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Kodi Wright
Jason Wright meets his sons' online hero, Shonduras.

The first time I heard his name, I thought my sons were talking with their mouths full of Froot Loops.

“His name is Shonduras. Can we please subscribe to his YouTube channel?”

“Shon-who-ras?” I probed, and they repeated it with a pair of preteen eyerolls.

My kids know that when it comes to the Internet, they live a sheltered life. Their mom and me approve all new apps, every website in their rotation and all YouTubers they want to follow.

A quick Google search gave me this Internet celeb’s real name: Shaun McBride. Another click offered the explanation; McBride served a mission for The Church of Jesus Christ of Latter-day Saints in Honduras, and the place and the people became a prominent piece of his life puzzle.

When it was time to launch his online career, McBride wanted a catchy way to pay tribute to the country he loves and that molded him in ways he’s still unfolding.

I quizzed the kids on how they’d found him and what his content was all about. They explained that he’d made a guest appearance on another approved channel and they liked what they saw.

I said yes, and soon my boys were hooked on Shonduras’ entertaining, zany antics. While he’s known as the first Snapchat celebrity and consultant with millions of followers, he also posts much of his content to YouTube.

Before long, Shonduras was a topic during driveway basketball games, long car rides and at bedtime. Each day, my kids couldn’t wait to share his latest creation, and the spirit of the 27-year-old Internet star became a regular at our dinner table.

They adored, admired and were legitimately inspired by the chronically effervescent married father of one. Soon my boys were plotting their own YouTube channel with do-it-yourself videos, gaming tips and science experiments.

There was no denying it — my kids were hooked on Shonduras, and I was left to wonder, is this guy for real? Is he really everything he portrays?

Then, a few weeks ago, my wife and I found ourselves planning a last-minute business trip from Virginia to Utah. It was a tight schedule, and we’d be hopping nonstop for 36 hours before taking the red-eye home.

There wouldn’t be much time for anything extracurricular. Or would there?

Late one evening just before we left, knowing Shonduras was based somewhere in Utah, I felt the urge to act on a whim. I hit his website and sent a short note. Was he up for a visit by two curious parents?

By morning, I had a reply and an invitation. And less than a week later, my wife and I knocked on his door and met the real Shaun McBride.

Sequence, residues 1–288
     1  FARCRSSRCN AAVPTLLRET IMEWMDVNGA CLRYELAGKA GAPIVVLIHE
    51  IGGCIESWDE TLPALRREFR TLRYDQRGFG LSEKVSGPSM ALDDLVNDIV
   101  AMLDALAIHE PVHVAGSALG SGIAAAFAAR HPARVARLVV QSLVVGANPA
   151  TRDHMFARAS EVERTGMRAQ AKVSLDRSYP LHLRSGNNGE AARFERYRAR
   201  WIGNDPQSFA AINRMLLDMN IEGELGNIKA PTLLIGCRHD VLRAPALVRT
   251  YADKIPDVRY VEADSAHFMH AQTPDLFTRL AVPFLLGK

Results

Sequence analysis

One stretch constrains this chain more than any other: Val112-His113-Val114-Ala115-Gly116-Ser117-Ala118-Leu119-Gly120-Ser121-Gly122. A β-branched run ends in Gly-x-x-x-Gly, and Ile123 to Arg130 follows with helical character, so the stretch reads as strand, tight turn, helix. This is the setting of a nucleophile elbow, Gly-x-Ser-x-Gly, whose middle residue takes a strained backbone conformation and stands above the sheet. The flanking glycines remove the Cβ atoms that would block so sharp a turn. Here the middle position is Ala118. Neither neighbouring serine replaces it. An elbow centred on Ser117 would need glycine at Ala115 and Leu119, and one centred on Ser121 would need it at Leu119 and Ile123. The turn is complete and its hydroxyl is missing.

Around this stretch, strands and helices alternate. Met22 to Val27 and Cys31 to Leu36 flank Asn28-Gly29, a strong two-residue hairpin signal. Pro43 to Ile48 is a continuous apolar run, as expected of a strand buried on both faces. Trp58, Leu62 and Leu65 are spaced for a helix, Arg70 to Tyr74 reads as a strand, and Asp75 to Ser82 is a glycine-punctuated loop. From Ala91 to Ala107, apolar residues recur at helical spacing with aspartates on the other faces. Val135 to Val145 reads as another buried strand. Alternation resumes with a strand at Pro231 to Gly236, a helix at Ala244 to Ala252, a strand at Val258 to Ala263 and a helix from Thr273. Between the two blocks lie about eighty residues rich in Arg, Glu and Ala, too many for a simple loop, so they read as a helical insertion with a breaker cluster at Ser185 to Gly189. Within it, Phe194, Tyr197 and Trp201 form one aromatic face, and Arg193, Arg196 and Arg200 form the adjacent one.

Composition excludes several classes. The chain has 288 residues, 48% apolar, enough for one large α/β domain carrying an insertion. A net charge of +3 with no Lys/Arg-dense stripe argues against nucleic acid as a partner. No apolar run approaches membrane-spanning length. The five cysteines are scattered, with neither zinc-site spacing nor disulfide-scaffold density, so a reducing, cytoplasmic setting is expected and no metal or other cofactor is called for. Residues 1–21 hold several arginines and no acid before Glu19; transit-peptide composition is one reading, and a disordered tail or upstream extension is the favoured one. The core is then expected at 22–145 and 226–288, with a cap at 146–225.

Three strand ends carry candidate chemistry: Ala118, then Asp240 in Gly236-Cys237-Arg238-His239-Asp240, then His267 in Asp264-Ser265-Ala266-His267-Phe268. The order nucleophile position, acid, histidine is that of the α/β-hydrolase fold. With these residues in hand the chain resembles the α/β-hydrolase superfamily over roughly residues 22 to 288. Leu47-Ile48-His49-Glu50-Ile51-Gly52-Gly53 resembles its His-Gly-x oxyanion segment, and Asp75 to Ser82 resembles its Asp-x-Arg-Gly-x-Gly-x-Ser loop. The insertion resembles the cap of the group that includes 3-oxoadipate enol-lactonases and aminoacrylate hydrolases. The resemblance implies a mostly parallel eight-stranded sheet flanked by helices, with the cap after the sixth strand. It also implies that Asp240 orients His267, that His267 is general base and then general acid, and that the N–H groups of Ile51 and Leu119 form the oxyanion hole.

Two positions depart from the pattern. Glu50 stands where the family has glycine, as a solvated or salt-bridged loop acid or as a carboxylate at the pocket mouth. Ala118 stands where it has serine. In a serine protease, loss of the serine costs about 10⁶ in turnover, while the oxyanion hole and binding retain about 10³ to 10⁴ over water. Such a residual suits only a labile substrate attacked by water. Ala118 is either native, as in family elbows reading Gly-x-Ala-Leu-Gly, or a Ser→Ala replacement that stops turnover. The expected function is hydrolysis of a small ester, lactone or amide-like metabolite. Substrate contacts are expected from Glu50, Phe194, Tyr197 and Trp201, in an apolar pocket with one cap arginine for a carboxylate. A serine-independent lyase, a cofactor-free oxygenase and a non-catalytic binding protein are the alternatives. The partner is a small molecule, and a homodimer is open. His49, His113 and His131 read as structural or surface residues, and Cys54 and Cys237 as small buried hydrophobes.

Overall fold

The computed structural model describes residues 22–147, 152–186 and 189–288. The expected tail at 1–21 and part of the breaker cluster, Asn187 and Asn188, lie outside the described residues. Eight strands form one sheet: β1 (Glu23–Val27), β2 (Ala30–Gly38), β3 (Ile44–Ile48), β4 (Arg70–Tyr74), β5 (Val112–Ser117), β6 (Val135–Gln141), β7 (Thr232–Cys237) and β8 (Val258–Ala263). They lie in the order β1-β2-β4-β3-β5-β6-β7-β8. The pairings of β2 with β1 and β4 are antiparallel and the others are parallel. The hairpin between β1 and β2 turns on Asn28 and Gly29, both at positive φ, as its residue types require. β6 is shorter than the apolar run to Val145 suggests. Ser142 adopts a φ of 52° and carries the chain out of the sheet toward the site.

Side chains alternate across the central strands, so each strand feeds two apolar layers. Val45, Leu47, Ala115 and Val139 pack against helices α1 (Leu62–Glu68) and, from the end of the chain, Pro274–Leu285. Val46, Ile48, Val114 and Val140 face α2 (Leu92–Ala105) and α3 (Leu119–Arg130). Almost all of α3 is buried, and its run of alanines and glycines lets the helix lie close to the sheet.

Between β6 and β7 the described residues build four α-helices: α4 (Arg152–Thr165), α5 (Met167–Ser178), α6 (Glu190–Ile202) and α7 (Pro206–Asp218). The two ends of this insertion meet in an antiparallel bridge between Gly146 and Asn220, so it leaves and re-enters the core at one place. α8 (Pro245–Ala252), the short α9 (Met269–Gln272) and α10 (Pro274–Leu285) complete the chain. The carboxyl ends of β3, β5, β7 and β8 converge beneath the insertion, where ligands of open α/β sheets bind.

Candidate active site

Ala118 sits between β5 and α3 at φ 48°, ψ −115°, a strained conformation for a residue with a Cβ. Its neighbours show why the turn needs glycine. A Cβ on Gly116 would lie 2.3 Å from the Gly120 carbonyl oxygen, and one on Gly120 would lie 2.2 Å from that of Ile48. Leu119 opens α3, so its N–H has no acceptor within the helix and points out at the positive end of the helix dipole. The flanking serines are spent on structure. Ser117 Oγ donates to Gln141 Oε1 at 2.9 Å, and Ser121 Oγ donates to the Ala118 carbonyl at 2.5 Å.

What we saw, heard and felt is that this unique man is much more than a silly online prankster, and his brand is more than a catchy nickname. Because in many ways, he’s still on a mission, even if the black nametag is just a memory.

After introductions to his wife, baby and talented online team, we got a tour of his basement studio, or as his fans know it, his “space station.”

Then came the questions.

“You already know my boys look up to you, they’ve watched every video, laughed at every one of your adventures. But what’s your real story?”

For over an hour, Shonduras described a passion for making people smile and for living each tomorrow as the “best day ever.” From the bottom of his skateboard to his trademark baseball hat, his soul radiates optimism.

“I believe in being positive. Always. All the time. I don’t believe in bad days or bad service or negativity,” he said.

A savvy businessman, Shonduras detailed his hard-fought climb to online stardom. While other well-known celebrities have found themselves famous, often for the wrong reasons, Shonduras created an organic online audience by focusing relentlessly on making people smile.

Over time, he became the first Snapchat celebrity to partner with brands such as Disney, Taco Bell and AT&T. Even with that success, Shonduras promises that his goals aren’t all about using social media simply to find followers. He’s trying to do good by being good.

He avoids profanity, sexual humor and embarrassing others for the sake of traffic. When I asked him what he would want my kids and yours to know about the man behind the user ID, he smiled in a way that cannot be faked or photoshopped.

“I honestly enjoy doing what I do,” he said. “Making people happy? What’s better than that? And that’s what matters most.”

On the topic of faith and the church mission that made him a man, Shonduras prefers not to force his beliefs upon his audience.

“I’d rather show them who I am by how I live my life,” he said. “They know I don’t drink, smoke or swear. They also know my family is much more important to me than anything else.”

Shonduras added that he does not post videos on Sundays and his audience knows why.

“I believe I have formulated a picture of what my faith is through my actions,” he said.

Before we left his home, Shonduras shocked my kids from 2,000 miles away with a lively video chat. He gave them the same tour we’d enjoyed and peppered them with silly questions that had them laughing for a week.

Saying goodbye, Shonduras thanked us for the visit and for doing our due diligence. We thanked him, too, for being a humble example of goodness in an online world that’s often corrupted by smoke and filthy mirrors.

His response? “I’m just having the best day ever.”

Thanks to him, millions of others are, too.

Jason Wright is a New York Times best-selling author of 10 books, including "Christmas Jars" and "The Wednesday Letters." Learn more at jasonfwright.com, or connect on Facebook at facebook.com/jfwbooks or by email at [email protected].